|Died||4 June 1968 (aged 66)|
|Alma mater||University of Berlin|
University of Heidelberg
|Institutions||École pratique des hautes études|
|History of philosophy|
|Subjects of desire|
Alexandre Kojève (//; French: [alɛksɑ̃dʁ koʒɛv]; 28 April 1902 – 4 June 1968) was a Russian-born French philosopher and statesman whose philosophical seminars had an immense influence on 20th-century French philosophy, particularly via his integration of Hegelian concepts into twentieth-century continental philosophy. As a statesman in the French government, he was instrumental in the formation of the European Union. Kojève was a close friend of, and was in lifelong philosophical dialogue with, Leo Strauss.
Kojève was born Aleksandr Vladimirovich Kozhevnikov (Russian: Алекса́ндр Влади́мирович Коже́вников, IPA: [ɐlʲɪˈksandr vlɐˈdʲimʲɪrəvʲɪtɕ kɐˈʐɛvnʲɪkəf]) in Russia to a wealthy and influential family. His uncle was the abstract artist Wassily Kandinsky, about whose work he would write an influential essay in 1936. He was educated at the University of Berlin and Heidelberg, Germany. In Heidelberg, he completed in 1926 his PhD thesis on the Russian religious philosopher Vladimir Soloviev's views on the union of God and man in Christ under the direction of Karl Jaspers. The title of his thesis was Die religiöse Philosophie Wladimir Solowjews (The Religious Philosophy of Vladimir Soloviev).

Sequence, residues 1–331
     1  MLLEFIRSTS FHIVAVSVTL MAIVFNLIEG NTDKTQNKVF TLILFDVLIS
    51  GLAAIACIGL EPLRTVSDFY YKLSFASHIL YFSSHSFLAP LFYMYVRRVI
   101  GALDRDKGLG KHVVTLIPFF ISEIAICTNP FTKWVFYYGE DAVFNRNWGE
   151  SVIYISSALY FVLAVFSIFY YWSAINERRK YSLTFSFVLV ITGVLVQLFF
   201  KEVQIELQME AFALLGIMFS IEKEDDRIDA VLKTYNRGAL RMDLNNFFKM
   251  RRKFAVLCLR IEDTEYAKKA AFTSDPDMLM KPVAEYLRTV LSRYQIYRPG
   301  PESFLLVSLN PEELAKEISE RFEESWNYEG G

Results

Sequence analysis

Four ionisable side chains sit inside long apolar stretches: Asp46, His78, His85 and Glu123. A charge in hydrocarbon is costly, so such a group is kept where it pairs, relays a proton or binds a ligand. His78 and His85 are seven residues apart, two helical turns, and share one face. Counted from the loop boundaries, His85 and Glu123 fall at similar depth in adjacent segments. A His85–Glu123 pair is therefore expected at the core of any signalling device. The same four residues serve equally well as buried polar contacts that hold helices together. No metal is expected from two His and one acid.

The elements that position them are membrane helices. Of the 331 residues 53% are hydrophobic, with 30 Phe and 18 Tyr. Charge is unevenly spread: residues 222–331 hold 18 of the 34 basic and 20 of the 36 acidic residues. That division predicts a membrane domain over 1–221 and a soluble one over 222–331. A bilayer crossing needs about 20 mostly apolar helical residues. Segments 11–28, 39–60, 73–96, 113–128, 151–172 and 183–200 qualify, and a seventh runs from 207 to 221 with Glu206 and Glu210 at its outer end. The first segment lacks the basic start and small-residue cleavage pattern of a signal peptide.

Early influences included the philosopher Martin Heidegger and the historian of science Alexandre Koyré. Kojève spent most of his life in France and from 1933 to 1939 delivered in Paris a series of lectures on Georg Wilhelm Friedrich Hegel's work Phenomenology of Spirit. After World War II, Kojève worked in the French Ministry of Economic Affairs as one of the chief planners of the European Common Market.
Kojève studied and used Sanskrit, Chinese, Tibetan, Latin and Classical Greek. He was also fluent in French, German, Russian and English.